Batman And Robin #13: Bringing It All Bat Home

Subjective but important: reading panels with Frazer Irving’s Joker, I imagine Heath Ledger’s voice.

Irving (who incidentally does all his work on computer, which boggles the mind), along with Grant Morrison, are responsible for last week’s Batman And Robin #13. This issue kicks off the latest in a series of Morrison-penned arcs stretching back a few years, with Bruce Wayne still absent, hurdling through time itself, and Simon Hurt–who resembles Bruce’s father, and might be the devil himself–laying siege to Gotham. Former boy wonder Dick Grayson, meanwhile, still wear the Bat-cowl, psychotic 10-year-old Damian Wayne at his side.

Dr. Simon Hurt

B&R #13 begins with our provisional Batman and Robin examining the Joker. The Joker, recently captured, has been making his way through Hurt’s men for reasons unknown–which on some level, sure, is because he and Bruce complete each other and the Joker can only behave differently in the real Batman’s absence, but still, the Joker usually has a plan. The opening scene will strike both casual and diehard fans as familiar. After all, there’s probably no way to write a scene involving Batman, the Joker, and a police station that won’t somehow recall The Dark Knight. But that Christopher Nolan’s films come to mind at all is unusual for an issue of Batman and Robin.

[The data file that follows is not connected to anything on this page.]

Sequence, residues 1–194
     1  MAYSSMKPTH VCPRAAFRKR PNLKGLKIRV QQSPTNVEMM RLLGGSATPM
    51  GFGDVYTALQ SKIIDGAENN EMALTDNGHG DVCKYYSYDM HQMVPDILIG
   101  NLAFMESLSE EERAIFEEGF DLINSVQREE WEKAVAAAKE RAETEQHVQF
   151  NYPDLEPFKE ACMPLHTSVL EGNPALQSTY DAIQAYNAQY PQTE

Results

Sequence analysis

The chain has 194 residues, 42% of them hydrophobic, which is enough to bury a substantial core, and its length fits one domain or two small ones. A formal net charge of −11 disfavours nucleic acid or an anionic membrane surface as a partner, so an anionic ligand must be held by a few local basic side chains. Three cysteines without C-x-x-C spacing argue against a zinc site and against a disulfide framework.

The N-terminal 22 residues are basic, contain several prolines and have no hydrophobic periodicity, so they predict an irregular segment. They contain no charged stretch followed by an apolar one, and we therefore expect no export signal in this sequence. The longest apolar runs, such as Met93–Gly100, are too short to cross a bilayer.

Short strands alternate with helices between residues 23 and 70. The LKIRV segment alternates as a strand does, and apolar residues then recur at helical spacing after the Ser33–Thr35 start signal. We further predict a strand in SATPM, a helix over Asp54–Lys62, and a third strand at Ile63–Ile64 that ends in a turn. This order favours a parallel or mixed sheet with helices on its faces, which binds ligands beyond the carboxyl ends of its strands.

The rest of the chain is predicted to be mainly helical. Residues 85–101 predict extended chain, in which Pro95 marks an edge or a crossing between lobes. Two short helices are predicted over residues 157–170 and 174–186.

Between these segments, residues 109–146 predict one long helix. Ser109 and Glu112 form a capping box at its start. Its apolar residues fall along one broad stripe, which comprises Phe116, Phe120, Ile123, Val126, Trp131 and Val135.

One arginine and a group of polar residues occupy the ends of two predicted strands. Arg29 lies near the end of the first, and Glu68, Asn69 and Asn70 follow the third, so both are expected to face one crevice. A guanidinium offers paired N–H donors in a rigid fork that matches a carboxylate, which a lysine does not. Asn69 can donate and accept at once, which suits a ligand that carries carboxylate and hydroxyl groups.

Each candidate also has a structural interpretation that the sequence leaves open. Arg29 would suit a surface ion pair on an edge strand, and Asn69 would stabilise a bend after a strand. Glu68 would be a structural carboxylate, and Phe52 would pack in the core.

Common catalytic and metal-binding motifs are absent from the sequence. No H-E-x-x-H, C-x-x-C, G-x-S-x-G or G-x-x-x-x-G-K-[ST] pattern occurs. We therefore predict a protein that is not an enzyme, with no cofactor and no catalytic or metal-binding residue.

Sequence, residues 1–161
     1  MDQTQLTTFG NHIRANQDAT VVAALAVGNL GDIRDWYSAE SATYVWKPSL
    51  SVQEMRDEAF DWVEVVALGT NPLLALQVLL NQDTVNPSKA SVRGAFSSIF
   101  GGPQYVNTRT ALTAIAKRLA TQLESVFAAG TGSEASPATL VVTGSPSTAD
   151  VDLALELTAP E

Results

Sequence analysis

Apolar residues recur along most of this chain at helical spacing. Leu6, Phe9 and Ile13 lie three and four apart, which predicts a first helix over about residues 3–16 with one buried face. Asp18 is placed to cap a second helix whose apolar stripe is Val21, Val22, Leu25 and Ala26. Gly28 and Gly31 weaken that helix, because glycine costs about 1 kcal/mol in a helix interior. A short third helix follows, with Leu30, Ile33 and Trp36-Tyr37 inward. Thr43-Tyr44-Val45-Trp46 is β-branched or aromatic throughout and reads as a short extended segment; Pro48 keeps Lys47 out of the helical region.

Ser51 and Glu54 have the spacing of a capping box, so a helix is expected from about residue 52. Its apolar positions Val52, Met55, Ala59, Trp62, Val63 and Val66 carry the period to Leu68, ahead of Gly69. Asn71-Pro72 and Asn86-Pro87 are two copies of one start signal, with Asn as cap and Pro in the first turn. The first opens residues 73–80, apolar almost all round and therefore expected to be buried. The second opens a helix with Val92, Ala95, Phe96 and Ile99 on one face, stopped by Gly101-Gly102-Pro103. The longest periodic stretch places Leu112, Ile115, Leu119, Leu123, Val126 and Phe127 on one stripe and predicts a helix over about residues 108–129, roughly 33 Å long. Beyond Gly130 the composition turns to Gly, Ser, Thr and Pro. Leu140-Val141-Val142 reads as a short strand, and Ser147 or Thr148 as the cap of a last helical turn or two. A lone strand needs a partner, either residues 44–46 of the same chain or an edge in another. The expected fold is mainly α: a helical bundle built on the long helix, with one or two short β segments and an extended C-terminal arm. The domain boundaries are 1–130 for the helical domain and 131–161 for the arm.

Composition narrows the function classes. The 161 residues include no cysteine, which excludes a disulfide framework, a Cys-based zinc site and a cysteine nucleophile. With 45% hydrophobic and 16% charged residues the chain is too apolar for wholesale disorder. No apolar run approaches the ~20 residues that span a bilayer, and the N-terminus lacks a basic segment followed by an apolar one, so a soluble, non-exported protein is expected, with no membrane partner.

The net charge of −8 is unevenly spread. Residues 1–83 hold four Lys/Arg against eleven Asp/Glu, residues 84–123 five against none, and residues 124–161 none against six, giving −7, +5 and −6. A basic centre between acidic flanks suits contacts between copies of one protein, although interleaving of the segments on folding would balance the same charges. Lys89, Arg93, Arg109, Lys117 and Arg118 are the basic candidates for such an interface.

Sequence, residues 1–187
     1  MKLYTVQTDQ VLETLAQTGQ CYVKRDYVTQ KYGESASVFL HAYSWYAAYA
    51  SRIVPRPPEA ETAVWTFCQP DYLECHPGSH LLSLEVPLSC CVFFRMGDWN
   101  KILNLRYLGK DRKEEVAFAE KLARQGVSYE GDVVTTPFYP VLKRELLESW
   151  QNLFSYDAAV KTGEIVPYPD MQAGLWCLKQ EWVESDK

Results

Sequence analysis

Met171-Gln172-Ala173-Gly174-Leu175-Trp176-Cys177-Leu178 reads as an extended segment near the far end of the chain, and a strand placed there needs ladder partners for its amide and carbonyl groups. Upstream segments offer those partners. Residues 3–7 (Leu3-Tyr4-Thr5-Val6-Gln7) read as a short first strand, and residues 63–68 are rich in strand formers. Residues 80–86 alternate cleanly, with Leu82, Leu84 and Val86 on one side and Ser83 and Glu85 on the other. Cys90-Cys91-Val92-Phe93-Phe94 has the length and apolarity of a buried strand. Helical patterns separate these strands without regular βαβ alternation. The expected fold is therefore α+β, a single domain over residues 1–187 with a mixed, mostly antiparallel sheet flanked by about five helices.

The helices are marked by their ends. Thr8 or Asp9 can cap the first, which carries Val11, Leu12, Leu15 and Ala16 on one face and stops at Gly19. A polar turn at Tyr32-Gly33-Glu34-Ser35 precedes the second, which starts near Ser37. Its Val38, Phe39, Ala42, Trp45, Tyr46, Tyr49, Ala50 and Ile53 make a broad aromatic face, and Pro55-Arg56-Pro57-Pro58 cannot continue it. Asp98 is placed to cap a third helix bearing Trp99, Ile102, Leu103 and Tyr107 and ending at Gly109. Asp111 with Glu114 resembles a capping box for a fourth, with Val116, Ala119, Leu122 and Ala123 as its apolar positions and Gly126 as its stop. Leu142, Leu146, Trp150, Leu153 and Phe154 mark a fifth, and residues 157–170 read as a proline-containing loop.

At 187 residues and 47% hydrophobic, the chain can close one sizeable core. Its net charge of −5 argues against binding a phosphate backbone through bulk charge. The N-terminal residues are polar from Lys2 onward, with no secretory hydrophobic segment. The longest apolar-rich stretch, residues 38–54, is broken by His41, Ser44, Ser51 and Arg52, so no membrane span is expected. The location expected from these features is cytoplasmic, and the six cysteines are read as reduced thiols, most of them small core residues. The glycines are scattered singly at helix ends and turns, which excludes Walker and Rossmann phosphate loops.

Morrison’s time on Batman is unique for any number of reasons. He has spend most of it writing the most unBatmanlike stories possible, at least insofar as the public has thought of Batman for the last twenty-five or so years: tortured, dark, gothic, etc, whatever you’d probably also use to describe a poorly-lit cathedral that got up and walked. And there’s plenty of this, sure. But there have also been homages to the cover of Purple Rain, vigilantes preoccupied with social media and brand recognition, zombified Bat-clones, and fights with cavemen. Morrison has picked out details from some of the most bizarre Batman stories of the 1950s–stories that have gone unacknowledged within the comics for years, decades–without much concern for whether you’re on board or not.

This hasn’t damaged DC’s bottom line any–the series has still done great numbers within its core readership, and Batman’s probably gonna turn a profit as long as people are still printing superhero comics. That said, traces of Christopher Nolan’s take on Batman have been conspicuously absent from the books. (Stated inspirations for Morrison’s run include David Lynch and the ’60s TV series.) For better or for worse, these comics make few overtures to potentially curious fans of the film series.

Batman And Robin #13 has the effect of annexing Nolan’s present-day take on Batman and making it apart of Morrison’s grand scheme. There are plenty of callbacks to earlier segments of Morrison’s own run–and all sorts of dynamics between characters are inverted–but Morrison gives us glimpses of Simon Hurt’s sudden, meticulously arranged takeover of Gotham as if he’s trying to write how Christopher Nolan would direct a Grant Morrison story. In this issue, as in The Dark Night, evil moves like clockwork, and it’s everywhere at once. (We even get bazooka fire on a dim Gotham evening.) It’s not a compromise, but a strange, cool synthesis–and something we haven’t seen yet, even in a run as varied as Morrison’s.

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One Comment on “Batman And Robin #13: Bringing It All Bat Home”

  1. Nathan Says:

    This was another amazing issue. Morrison’s Batman comics keep getting more insane, and as you state the fact that this was drawn on a computer makes it more insane.

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